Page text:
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S&P 500 – Pervasive Volatility Infecting All Timeframes

by David G. Hawkins

This is my month-end review of the S&P 500, where I analyze the monthly bars chart, as well as the weekly and daily ones.

Over the last few months, the turmoil in the Eurozone, along with occasional economic news in the U. S., both positive and negative, have roiled the markets with unusually heavy volatility.  As this goes on, the volatility, which starts out being evident on the daily bars chart, percolates up into the longer timeframes, becoming noticeable on the weekly and now even the monthly bar charts as shown below here.  (At the end of this month, which will be the end of the quarter, I’ll show the quarterly bars chart, and then we’ll see if volatility has gotten that far up, or whether some inference of very long term trend may still be visible there.)  Under these conditions, it has become meaningless to try to infer direction of the market based on current charts, so I will no longer even try to do that until volatility calms down and the fog clears.

Under these circumstances, what if anything can Midas analysis do for us?  Remarkably, what is still visible amidst all this chaos, is that when the market spikes and abruptly turns around, as it has been doing all too often these days and weeks and months, we can still identify the Midas S/R levels at which these turns take place.  We can’t predict in advance at which level the turn will happen, but price does pick out one of these levels for its turn virtually every time.  Ahead of time, we try to populate our charts with these levels, both above and below the current price, so we can see which one price chooses for its turn.  Sometimes, though, it takes some back-analysis after a turn to identify the curve at which it happened.  This is the spirit in which I am providing the analyses below here.

Long Term – monthly bars chart

The first chart here is the monthly bars chart updated through the end of November.  Comparing this to the chart I showed at the end of last month, you’ll see that I’ve done a calibration of the S2 curve (bold green), which I should’ve done back then, now calling it S2 Cal. The calibration is done at the July 2010 low, as marked by the little green arrow.  (The procedure for calibrating a Midas S/R curve is so important that I devoted a whole chapter to it in our book, q.v.)  This means that, going forward from July 2010, this curve is very significant.  Now we see that last month’s price bar only slightly perforated this curve before jumping up sharply.  So, I think it’s valid to observe that this curve did provide support last month.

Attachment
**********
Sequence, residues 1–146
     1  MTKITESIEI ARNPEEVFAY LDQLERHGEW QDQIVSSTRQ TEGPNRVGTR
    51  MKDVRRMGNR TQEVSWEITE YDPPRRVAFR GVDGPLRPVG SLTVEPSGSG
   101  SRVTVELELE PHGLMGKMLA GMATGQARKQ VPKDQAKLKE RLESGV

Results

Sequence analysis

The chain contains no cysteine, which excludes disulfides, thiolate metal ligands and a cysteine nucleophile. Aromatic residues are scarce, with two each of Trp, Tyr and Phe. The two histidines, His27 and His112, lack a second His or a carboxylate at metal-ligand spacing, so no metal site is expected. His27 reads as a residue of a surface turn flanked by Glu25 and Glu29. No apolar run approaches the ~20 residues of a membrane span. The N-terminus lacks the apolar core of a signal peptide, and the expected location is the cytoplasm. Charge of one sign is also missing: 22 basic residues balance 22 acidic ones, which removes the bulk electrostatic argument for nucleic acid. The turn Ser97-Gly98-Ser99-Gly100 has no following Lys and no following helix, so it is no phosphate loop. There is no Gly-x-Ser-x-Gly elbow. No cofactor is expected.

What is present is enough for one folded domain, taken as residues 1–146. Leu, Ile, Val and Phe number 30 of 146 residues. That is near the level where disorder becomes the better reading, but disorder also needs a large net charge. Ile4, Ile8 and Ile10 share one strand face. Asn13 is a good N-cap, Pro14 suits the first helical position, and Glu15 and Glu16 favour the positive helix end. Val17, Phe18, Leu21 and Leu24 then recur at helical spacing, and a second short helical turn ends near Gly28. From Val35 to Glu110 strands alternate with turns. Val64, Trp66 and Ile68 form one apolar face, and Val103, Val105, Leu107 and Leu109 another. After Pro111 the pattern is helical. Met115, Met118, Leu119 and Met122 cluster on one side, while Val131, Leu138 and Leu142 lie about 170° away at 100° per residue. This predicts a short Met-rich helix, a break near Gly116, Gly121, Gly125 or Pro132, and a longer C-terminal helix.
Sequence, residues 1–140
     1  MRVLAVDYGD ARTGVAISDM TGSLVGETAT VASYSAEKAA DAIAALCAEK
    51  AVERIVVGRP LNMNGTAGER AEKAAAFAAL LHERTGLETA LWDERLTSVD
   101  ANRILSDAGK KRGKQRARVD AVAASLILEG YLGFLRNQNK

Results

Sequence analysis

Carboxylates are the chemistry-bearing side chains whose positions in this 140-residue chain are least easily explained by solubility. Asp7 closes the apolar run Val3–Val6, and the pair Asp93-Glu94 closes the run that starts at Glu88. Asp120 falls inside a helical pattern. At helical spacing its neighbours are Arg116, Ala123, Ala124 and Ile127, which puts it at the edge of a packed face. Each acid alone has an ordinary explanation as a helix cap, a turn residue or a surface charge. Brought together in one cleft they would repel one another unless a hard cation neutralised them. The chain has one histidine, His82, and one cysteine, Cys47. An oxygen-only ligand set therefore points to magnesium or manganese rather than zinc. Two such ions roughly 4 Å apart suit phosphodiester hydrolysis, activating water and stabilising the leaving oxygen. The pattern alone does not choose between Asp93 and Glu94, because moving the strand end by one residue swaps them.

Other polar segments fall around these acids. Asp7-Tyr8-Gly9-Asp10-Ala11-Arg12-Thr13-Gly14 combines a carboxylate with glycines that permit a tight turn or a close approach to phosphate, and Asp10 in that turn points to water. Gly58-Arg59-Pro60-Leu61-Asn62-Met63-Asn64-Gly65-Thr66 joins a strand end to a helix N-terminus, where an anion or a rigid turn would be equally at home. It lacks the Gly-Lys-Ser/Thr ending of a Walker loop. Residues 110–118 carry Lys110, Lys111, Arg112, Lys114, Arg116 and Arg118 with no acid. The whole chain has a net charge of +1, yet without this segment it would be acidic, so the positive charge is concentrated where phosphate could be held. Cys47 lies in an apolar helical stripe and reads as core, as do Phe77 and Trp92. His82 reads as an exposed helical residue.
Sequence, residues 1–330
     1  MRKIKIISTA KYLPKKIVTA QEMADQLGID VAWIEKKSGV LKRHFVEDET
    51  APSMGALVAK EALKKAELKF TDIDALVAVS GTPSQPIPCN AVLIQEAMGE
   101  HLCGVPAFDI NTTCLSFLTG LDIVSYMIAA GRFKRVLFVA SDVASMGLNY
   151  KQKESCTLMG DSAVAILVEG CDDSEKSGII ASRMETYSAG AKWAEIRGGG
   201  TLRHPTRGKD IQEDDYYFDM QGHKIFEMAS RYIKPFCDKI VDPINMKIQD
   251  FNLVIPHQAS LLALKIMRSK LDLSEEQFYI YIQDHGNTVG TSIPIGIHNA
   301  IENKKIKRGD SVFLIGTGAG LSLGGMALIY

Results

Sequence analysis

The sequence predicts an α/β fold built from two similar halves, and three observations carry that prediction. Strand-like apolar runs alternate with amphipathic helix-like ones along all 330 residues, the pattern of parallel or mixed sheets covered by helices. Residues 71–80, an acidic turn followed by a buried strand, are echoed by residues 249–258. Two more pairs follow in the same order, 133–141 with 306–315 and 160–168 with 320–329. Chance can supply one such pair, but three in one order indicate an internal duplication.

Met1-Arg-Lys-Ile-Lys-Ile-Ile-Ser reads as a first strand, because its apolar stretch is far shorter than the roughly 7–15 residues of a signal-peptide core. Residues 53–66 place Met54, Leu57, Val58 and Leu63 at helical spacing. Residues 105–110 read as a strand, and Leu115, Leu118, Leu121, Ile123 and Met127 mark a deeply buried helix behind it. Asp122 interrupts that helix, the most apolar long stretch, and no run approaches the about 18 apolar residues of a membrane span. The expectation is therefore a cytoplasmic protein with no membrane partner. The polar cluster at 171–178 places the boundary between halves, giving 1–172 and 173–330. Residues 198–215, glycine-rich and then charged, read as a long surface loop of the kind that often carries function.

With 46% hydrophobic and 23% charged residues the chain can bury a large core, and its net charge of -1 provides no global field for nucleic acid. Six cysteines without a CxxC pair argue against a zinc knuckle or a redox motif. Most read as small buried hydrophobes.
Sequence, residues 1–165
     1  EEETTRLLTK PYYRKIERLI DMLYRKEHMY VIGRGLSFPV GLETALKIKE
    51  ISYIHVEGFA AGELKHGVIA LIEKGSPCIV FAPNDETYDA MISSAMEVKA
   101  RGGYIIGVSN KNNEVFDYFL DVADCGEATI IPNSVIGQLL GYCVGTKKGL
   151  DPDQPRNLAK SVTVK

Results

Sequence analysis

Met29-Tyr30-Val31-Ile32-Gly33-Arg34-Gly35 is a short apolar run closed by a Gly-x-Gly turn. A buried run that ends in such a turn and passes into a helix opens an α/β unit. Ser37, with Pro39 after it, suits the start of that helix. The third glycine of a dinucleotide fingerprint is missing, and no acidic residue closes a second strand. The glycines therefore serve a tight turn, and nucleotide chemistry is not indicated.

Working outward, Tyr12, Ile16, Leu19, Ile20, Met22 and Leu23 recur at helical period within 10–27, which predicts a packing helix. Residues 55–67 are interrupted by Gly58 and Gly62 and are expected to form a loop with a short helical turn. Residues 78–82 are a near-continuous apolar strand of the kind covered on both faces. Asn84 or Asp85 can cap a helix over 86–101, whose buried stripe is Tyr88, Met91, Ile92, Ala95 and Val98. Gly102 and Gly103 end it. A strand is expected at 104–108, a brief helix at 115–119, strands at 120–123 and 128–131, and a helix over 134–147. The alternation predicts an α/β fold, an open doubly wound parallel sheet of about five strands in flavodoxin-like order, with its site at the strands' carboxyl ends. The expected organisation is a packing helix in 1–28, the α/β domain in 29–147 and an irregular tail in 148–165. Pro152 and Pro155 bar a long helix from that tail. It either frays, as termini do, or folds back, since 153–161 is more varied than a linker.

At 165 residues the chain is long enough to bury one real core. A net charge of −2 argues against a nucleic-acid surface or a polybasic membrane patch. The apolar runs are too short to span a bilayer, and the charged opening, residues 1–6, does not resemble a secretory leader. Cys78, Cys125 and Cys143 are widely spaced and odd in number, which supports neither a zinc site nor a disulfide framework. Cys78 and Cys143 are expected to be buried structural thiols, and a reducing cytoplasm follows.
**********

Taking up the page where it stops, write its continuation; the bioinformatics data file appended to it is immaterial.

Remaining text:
Now, look at the downturn that started at the peak last May.  I’ve launched R1 from that point.  Two months later, there was a small pullback in price, so I’ve started R2 from that point, and we see that R2 perfectly captured (resisted) the top of October’s bar.  November was fully contained within October’s range.  So, on this timeframe, the volatility of the market is contained in this very wide trading range between S2 Cal. and R2.  Nothing more can be said in this timeframe until price eventually breaks out of this range.

Intermediate Term – weekly bars chart

The second chart here is the weekly bars chart, updated thru yesterday.  To try to get some clarity around the volatility here, I’ve applied a technique that I describe in our book in the section called, “Special Starting Points – Left Side”, q.v.  (p. 50).  This produces the two bold curves here, “Left R1″ and “Left S1″.  So far, these two curves are containing November’s volatility.

Short Term – daily bars chart

The last chart here is the daily bars chart, updated thru yesterday.  We see that the volatility of the last few weeks is being contained by R1 and the level of the “Left S1″ curve from the weekly bars chart. The blue bars and dashed vertical line illustrate the application of a technique developed by Richard W. Arms Jr. called “Price Projection”, which I describe at length in our book in the first part of chapter 7, q.v.  On our daily bars chart here, it is showing that, starting Nov. 8, there is downward pressure on price, which won’t be relieved until cumulative volume (horizontal motion) reaches the dashed vertical line.